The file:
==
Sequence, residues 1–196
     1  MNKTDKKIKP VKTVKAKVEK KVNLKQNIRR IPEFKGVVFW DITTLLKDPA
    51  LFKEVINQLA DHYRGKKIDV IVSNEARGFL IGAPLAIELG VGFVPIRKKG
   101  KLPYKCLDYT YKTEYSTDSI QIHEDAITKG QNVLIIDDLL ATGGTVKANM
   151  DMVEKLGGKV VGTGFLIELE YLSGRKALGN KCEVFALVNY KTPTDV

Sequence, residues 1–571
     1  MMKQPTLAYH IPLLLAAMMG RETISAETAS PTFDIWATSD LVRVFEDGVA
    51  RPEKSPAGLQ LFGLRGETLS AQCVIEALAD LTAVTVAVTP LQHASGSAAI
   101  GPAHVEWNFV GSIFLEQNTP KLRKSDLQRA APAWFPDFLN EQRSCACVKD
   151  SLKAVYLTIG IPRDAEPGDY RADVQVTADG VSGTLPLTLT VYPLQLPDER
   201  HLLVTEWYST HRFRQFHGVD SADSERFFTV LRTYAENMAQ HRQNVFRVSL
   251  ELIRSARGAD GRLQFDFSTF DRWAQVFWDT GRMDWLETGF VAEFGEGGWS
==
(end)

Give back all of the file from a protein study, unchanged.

Sequence, residues 1–196
     1  MNKTDKKIKP VKTVKAKVEK KVNLKQNIRR IPEFKGVVFW DITTLLKDPA
    51  LFKEVINQLA DHYRGKKIDV IVSNEARGFL IGAPLAIELG VGFVPIRKKG
   101  KLPYKCLDYT YKTEYSTDSI QIHEDAITKG QNVLIIDDLL ATGGTVKANM
   151  DMVEKLGGKV VGTGFLIELE YLSGRKALGN KCEVFALVNY KTPTDV

Sequence, residues 1–571
     1  MMKQPTLAYH IPLLLAAMMG RETISAETAS PTFDIWATSD LVRVFEDGVA
    51  RPEKSPAGLQ LFGLRGETLS AQCVIEALAD LTAVTVAVTP LQHASGSAAI
   101  GPAHVEWNFV GSIFLEQNTP KLRKSDLQRA APAWFPDFLN EQRSCACVKD
   151  SLKAVYLTIG IPRDAEPGDY RADVQVTADG VSGTLPLTLT VYPLQLPDER
   201  HLLVTEWYST HRFRQFHGVD SADSERFFTV LRTYAENMAQ HRQNVFRVSL
   251  ELIRSARGAD GRLQFDFSTF DRWAQVFWDT GRMDWLETGF VAEFGEGGWS